Aspects of business

skribeprod-blog1

One of the big differences I’ve noticed between real life and Second Life is that people doing business tend to be more relaxed. This has both good and bad aspects. On the one hand there’s much less pressure. For example, nobody gets upset if you make a joke. Even a bad one. I’ve had real world clients that look like they haven’t laughed since Kennedy was president.


On the other hand, people doing business in Second Life tend to be a lot less prompt than their real life peers. Missing a meeting deadline by as little as 5 minutes can be the difference between sale and no sale in the real world, but I’ve seen people rock up 30 minutes or more late, and on occasion not show at all, in Second Life. I’ve had proprietors make promises about delivery and then miss them by a week or more – usually with some lame-arse excuse. In one case I had a business owner promise to deliver, fail to answer enquiries for a month, deliver a lame-arsed excuse and then decide that they didn’t want to sell the item they had advertised at all – would you be interested in this other item I have for sale? Of course in the real world such business owners would fall foul of the anti-bait and switch laws, but Second Life’s laissez-faire approach means that currently such businesses not only exist but flourish.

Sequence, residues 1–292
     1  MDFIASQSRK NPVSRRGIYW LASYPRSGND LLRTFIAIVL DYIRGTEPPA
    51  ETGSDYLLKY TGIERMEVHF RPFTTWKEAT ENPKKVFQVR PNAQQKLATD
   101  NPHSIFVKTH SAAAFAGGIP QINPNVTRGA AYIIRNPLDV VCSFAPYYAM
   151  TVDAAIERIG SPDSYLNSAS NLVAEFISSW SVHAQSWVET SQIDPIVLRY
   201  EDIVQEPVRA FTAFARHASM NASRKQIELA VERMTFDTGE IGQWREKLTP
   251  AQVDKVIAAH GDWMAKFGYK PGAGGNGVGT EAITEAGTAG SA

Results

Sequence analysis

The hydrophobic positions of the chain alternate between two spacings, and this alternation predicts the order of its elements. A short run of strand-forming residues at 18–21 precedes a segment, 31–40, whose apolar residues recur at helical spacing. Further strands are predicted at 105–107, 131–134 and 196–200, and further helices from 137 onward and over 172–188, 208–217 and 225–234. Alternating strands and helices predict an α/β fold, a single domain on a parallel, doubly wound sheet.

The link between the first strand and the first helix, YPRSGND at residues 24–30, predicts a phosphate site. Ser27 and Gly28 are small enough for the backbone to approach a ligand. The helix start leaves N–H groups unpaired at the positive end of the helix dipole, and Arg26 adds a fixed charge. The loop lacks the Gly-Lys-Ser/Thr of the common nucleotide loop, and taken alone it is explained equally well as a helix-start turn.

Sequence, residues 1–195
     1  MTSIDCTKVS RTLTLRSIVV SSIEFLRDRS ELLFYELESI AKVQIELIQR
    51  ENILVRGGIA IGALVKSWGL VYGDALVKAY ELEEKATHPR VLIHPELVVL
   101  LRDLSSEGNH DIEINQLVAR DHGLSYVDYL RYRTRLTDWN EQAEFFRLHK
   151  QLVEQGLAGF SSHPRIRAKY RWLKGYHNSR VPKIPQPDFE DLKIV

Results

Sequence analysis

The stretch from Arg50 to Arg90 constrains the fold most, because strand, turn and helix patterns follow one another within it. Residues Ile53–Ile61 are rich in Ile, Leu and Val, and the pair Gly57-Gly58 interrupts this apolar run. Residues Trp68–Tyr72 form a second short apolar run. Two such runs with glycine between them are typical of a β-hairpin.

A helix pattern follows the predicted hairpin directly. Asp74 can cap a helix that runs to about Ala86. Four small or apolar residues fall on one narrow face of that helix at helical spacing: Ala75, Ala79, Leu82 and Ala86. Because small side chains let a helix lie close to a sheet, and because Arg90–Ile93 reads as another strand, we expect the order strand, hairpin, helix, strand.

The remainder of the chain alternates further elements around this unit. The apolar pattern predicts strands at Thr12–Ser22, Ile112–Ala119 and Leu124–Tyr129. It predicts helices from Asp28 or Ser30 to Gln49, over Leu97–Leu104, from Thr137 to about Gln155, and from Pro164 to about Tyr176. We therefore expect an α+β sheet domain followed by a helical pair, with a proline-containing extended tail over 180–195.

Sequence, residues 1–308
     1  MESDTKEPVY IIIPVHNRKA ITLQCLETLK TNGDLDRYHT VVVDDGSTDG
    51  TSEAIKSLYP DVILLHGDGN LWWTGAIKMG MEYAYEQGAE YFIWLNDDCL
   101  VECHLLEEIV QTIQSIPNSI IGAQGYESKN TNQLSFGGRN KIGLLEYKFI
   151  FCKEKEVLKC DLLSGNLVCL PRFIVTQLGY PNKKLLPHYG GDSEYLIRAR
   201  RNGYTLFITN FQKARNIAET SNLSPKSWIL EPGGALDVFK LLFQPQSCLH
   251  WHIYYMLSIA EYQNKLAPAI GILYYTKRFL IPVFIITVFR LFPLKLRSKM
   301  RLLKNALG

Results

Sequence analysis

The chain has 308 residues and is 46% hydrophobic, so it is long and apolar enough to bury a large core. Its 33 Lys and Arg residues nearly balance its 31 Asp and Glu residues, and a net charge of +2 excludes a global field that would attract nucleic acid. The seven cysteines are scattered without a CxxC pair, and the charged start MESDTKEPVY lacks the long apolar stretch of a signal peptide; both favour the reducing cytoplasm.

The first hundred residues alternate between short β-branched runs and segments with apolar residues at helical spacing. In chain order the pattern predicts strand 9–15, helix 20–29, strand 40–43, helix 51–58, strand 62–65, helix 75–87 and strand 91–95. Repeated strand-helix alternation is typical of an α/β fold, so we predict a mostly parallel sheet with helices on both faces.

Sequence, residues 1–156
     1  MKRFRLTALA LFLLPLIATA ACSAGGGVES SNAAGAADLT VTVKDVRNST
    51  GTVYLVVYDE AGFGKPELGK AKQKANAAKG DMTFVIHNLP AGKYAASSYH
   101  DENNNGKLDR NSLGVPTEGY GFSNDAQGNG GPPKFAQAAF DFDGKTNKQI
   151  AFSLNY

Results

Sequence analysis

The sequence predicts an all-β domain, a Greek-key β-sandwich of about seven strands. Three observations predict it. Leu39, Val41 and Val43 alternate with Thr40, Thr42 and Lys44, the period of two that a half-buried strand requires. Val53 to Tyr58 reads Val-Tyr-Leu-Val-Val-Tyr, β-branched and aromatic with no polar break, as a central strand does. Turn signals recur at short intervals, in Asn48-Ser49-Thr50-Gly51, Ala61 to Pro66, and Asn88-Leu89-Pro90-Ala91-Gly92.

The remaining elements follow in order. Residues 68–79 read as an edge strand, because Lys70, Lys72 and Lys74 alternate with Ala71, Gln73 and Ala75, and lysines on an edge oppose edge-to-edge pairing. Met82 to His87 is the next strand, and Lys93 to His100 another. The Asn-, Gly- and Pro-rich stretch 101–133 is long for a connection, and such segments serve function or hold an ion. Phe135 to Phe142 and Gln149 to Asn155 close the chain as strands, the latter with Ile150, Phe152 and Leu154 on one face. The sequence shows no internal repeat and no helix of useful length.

Second Life is like being in a foreign country. Doing business there has it’s own strengths and weaknesses, but it’s really all a matter of learning the rules and applying them.

About the Author: skribe

Based in Perth, Australia, Antonio Barimen (aka skribe) is a writer, digital media consultant and social media producer.


He is available to help you develop social marketing and digital media strategies, improving communication between staff, partners and suppliers or just increasing the number of fans on Facebook. He has developed successful digital and social media projects for clients including CBS, Evian, Procter & Gamble, Discovery Networks, Pernod Ricard and American Express.


Connect with him on Twitter or Google Plus.


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Post Under Business, virtual worlds May 11, 2007